The pandemic caused by the novel coronavirus has influenced every business sector. Millions of people have lost their jobs due to COVID-19’s effects on the economy. As the world continues to struggle under the grip of the virus, there is a glimmer of hope in the healthcare sector, particularly that of senior care. Many facilities are enjoying a hiring spree, refilling depleted ranks of workers and expanding facility staff for services to accommodate residents in the wake of COVID-19. As one component of nursing home risk management, adequate staffing is responsible for the smooth operation of long-term care and senior living facilities. With sufficient staff, senior centers can continue providing residents with the compassionate care and hospitality they deserve.
Turning Layoffs Around: Hiring Hospitality Workers in Senior Centers
Massive layoffs plagued nearly every industry as COVID-19 spread across the United States. The hospitality sector was especially hard-hit; restaurants and hotels curtailed operations and millions of employees soon found themselves out of work. In fact, the U.S. Bureau of Labor Statistics (BLS) reported that as many as 4.8 million workers in the hospitality sector were laid off or furloughed due to the pandemic.
Senior care centers, on the other hand, were poised to expand. The pool of unemployed hospitality workers was just what was needed to staff new senior center developments. Industry leaders reached out to prominent hospitality organizations like the National Restaurant Association to create collaboration; soon, displaced workers obtained new positions in senior center across the country. Workers being sought by senior centers include servers, cooks, janitorial staff, and dishwashers.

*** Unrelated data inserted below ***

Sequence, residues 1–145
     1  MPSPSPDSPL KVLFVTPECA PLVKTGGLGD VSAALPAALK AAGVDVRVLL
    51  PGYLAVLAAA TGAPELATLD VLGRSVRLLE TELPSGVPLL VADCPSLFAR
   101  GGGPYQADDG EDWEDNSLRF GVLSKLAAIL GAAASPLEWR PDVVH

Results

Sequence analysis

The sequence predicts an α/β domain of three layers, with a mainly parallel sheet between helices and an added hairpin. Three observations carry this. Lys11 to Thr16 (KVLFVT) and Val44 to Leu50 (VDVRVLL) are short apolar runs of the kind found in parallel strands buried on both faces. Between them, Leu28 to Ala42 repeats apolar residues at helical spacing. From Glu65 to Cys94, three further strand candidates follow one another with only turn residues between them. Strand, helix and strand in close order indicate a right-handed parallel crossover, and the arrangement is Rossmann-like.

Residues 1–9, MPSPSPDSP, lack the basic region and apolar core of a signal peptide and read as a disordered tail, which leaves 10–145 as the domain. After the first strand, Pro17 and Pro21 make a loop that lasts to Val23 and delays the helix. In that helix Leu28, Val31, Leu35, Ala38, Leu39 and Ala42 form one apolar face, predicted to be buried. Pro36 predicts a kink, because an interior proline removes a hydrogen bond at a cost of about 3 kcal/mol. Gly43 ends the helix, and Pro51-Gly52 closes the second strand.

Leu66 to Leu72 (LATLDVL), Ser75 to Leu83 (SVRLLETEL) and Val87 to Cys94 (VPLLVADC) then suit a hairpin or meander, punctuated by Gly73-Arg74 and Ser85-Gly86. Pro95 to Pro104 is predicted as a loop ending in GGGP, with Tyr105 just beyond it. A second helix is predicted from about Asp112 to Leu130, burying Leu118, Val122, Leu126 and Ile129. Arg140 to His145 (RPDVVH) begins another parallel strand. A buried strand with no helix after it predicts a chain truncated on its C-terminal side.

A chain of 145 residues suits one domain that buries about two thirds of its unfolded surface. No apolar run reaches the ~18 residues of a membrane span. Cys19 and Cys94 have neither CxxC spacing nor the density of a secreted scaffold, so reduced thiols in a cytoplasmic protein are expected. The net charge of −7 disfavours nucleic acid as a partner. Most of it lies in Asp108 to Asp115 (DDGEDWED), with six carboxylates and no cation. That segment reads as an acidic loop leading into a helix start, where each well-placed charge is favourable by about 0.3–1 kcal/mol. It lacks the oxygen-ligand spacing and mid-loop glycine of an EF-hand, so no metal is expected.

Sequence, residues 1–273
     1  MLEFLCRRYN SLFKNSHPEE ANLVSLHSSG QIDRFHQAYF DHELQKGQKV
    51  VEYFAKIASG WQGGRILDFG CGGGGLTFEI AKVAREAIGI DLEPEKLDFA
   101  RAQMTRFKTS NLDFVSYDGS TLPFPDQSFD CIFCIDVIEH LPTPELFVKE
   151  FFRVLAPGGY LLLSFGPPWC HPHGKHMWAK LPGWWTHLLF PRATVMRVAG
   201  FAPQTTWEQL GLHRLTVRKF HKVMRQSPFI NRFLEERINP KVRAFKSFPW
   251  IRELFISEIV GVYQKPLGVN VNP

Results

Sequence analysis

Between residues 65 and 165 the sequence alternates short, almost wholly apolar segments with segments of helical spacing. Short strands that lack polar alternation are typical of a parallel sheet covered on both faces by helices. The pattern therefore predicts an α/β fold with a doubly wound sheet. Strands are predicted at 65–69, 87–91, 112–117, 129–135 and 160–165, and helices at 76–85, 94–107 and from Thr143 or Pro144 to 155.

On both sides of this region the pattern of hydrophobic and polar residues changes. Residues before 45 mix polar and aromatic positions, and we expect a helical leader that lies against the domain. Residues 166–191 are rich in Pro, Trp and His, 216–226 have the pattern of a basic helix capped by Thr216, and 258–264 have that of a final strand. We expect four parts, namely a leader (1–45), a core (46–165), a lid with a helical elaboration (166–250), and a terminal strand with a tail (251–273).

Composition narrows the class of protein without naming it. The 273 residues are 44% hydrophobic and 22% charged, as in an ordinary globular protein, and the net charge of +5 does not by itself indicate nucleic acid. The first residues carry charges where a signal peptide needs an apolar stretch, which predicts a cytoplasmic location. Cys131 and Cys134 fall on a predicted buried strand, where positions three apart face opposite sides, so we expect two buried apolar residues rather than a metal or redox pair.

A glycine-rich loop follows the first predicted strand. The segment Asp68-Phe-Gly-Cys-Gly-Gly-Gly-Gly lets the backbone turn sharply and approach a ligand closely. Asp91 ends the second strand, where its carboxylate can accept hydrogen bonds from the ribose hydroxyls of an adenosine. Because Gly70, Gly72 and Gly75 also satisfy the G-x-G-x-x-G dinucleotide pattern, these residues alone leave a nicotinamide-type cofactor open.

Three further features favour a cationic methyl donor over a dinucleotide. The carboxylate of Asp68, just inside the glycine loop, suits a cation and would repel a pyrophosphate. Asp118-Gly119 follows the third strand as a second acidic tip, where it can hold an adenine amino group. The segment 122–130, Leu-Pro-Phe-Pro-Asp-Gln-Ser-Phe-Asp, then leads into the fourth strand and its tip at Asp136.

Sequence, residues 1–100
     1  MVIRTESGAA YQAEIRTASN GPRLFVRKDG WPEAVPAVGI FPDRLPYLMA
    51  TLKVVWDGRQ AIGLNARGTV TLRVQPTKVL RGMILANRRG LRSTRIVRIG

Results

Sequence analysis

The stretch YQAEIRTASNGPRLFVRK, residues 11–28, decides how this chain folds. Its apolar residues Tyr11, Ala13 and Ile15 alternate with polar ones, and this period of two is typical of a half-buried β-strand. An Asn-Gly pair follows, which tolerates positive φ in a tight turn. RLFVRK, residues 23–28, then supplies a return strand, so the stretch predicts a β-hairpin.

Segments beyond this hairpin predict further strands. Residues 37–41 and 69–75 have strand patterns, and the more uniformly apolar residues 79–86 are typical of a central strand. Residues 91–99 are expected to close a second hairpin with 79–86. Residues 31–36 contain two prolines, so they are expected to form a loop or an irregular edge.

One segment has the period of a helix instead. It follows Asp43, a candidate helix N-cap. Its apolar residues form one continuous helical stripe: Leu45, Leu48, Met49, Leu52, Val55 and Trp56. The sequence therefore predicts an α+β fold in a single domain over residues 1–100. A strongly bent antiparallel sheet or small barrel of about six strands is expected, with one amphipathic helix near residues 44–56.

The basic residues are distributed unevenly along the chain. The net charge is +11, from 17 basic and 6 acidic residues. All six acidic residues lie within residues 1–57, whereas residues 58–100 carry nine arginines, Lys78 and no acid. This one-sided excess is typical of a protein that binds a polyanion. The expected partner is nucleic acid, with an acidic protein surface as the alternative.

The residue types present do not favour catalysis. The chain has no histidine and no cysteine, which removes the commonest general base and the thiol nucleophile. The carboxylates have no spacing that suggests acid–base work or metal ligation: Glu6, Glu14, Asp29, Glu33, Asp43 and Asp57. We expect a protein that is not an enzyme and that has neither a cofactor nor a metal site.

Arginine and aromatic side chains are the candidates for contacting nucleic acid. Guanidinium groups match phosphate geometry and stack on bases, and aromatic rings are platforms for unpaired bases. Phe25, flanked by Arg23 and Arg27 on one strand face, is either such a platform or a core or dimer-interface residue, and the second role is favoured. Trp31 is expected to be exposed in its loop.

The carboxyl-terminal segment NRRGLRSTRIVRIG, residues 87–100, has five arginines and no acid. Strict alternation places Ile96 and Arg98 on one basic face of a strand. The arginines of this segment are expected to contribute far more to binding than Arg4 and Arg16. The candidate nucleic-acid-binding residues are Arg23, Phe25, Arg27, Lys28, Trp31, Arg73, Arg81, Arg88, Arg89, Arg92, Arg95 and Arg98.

Chronic Understaffing, A Factor in Nursing Home Risk Management
The hiring spree within senior centers in the United States is promising, especially because the long-term healthcare sector has long been hamstrung by chronic understaffing. According to the Nursing Home Abuse Guide, as many as 90% of nursing homes and long-term care facilities are understaffed. Remaining workers are asked to do more with less, further compounding the problem and opening the door to increased risk.
Cost is a significant factor in the understaffing of senior centers; many facilities simply cannot afford adequate staff. Another factor is the high burnout rate among caregivers, which puts residents and the facilities themselves at risk of expensive liabilities. As part of nursing home risk management, facility owners are scrambling to recruit qualified staff. The COVID-19 crisis may be a blessing in disguise, however: increased demand related to the coronavirus pandemic for caregiving services at nursing homes has boosted revenue significantly, freeing up funds for new staff members across the board.
As with hospitality workers in the current hiring spree, outreach is proving beneficial. Senior living provider associations are banding together with organizations like the American Seniors Housing Association (ASHA) to create recruitment initiatives for qualified caregivers like registered nurses, licensed practical nurses, and paraprofessionals. Bringing new staff in will bolster nursing home risk management strategies, protecting facilities and residents against common healthcare risks.
About Caitlin Morgan
Caitlin Morgan specializes in insuring assisted living facilities and nursing homes and can assist you in providing insurance and risk management services for this niche market. Give us a call to learn more about our programs at (877) 226-1027.